a balanced approach also requires that we look at how efficient use the dollars we have. the budget is now $6.8 billion. you have asked, what the spending the money for? you have to look at how to grow the economy. part of that is to look at what are those industries we do not have that are not mature enough in san francisco. one of the key industries is the biotech industry, the biological medicine and industry, but they are in san mateo. you have to look at, what are those key ingredients as to why companies that ought to be in san francisco are not? having the relationships and having the understanding of the biotech firms will be absolutely critical. having to predictability, dealing with the red tape, dealing with how you provide
incentives to bring businesses in to provide a variety of different skills and workers in san francisco. >> thank you. >> we have a $6.6 billion budget. we need the mayor to make decisions in the best interest of the people. right after the mayor released his proposal, he agreed to a deal with the highest city employees to give them a raise and exempt them from pension contributions that will cost $20 million over the next 10 years. -- $200 million of the next 10 years. we opposed having city employees contribute 1.5% more towards guaranteed pensions. now, this is the reality we are facing at city hall. we have no competitive bidding for garbage. we have a former head of the
department of public works who 10 years ago agreed that toa 46% increase when his own staff recommended 20% increase. these are the kinds of decisions being made every day at city hall. what we need to do is say no more and elect a mayor who will make the decisions in the best interests of the people, not special interests. [applause] >> as a member of the board of supervisors, one of the very first things i did it is created san francisco's very first economic plan six years ago. our beautiful city did not have one. but the economic plan did was give us a blueprint for job growth and creation. i also instituted the office of economic impact. before the office of economic impact, we had no economists on staff. as a member of the board of
supervisors, you could vote on legislation not knowing how many jobs were created or lost as a result. today, you cannot vote on something without knowing how many jobs are lost or gained as a result of the legislation. i went on and did the biotech payroll tax exemption. i am glad everyone is talking about their role tax, but the truth is i was the first to do it. i did it six years ago. i proved that we created hundreds of jobs. i did and alignment with school districts, establishing classes, and now we know six years that the kids are taking the position we have created. i also looked at film and television, creating 3000 jobs in two years, $5.5 million of wages, and as we look at the future of san francisco, we should be looking at cruise ships and what the industry can do for the city and county of san francisco. it would be a billion other industry and give us a huge shot in the arm.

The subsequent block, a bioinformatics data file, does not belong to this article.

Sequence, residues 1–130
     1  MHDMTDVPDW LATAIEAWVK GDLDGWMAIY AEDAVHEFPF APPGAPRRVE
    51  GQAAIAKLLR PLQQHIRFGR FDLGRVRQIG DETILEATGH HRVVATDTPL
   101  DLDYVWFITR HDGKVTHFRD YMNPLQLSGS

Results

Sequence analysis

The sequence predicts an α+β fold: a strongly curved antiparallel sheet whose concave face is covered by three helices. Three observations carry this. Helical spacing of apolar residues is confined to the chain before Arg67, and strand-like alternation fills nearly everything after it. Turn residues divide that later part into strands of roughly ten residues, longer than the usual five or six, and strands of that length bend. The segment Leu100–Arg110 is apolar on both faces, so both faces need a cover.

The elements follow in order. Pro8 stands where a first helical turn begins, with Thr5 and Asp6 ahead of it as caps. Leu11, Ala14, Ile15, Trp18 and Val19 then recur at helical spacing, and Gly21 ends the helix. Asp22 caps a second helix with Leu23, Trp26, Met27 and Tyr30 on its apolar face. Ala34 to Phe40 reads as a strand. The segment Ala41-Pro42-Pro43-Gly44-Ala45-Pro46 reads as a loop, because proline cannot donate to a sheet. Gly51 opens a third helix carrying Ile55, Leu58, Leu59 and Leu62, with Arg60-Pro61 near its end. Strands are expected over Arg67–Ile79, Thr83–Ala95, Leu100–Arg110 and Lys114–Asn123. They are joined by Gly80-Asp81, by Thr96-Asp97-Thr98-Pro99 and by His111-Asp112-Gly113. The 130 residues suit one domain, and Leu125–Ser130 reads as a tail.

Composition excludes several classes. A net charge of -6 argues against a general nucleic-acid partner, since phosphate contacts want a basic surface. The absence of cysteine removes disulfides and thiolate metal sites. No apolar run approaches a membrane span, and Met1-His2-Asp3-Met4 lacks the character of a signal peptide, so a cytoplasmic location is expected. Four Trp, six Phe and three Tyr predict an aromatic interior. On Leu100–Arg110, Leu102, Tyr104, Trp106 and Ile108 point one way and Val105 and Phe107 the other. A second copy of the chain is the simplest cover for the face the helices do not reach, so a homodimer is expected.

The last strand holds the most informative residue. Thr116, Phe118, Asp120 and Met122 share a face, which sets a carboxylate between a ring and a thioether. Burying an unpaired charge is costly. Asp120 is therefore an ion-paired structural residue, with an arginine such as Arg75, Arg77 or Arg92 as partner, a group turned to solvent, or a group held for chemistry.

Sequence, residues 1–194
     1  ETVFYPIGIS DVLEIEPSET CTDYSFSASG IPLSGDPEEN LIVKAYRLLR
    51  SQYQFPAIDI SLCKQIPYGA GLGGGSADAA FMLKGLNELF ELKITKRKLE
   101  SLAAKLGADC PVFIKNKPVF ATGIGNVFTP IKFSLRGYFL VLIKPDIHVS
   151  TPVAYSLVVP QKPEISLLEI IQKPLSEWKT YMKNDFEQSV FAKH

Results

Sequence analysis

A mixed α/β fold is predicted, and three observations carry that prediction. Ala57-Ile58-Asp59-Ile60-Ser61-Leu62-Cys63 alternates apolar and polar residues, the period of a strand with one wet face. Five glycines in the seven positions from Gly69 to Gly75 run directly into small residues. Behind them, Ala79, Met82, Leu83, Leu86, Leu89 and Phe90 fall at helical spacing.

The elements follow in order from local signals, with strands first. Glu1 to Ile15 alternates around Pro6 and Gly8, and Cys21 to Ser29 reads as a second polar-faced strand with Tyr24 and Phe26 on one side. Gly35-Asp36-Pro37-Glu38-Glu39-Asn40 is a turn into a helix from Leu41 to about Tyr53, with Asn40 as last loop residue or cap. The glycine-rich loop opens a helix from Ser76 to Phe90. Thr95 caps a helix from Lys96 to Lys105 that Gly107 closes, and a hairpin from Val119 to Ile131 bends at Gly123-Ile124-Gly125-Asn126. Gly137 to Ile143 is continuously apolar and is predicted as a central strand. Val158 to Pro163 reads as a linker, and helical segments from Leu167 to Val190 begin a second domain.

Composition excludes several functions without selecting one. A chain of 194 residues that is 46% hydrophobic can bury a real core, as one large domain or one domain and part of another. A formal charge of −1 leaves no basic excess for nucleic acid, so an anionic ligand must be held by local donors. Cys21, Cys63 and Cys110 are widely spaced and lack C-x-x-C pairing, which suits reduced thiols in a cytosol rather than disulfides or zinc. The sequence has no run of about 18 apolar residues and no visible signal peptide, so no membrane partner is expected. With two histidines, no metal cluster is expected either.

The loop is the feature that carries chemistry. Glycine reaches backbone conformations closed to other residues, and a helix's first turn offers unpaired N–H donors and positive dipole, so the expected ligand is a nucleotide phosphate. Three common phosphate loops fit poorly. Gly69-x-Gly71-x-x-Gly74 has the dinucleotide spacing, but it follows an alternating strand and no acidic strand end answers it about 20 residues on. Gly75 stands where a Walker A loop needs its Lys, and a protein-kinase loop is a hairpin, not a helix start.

>> i have to explain, mr. al avalos had to leave because he has an apartment across town. he apologizes that he cannot stay for closing statements. that leads me to almost the conclusion. i know that it is getting late. first, i want to thank our journalists for their insightful questions and the creed of ways they did that. joyce, rachel, and scott shafer. thank you all very much. [applause] and now we come to the candidates' closing statements. if you have not registered to vote, please do so. we urge everyone to register. it is a right and privilege. the deadline is october 24. if you have moved, you have to register at your new address. we will do these closing statements in reverse alphabetical order, and candidates, each have one
minute. >> thank you for the debate. i appreciate all of your attention and concern. as i said early on, we are in a rather serious crisis in the state of california a, reverberating on the look out government. the realignment of social services, health care services, and public safety. for the first time, realigning public safety in the local government causes tremendous cost pressure of the city and county of san francisco. i'm the only candidate with the kind of experience at the local level and state level to address these problems. i am the only individual who is independent, over 23 years, from power brokers in city hall. i am the only candidate who has published five documents that lay out exactly how i will be held aou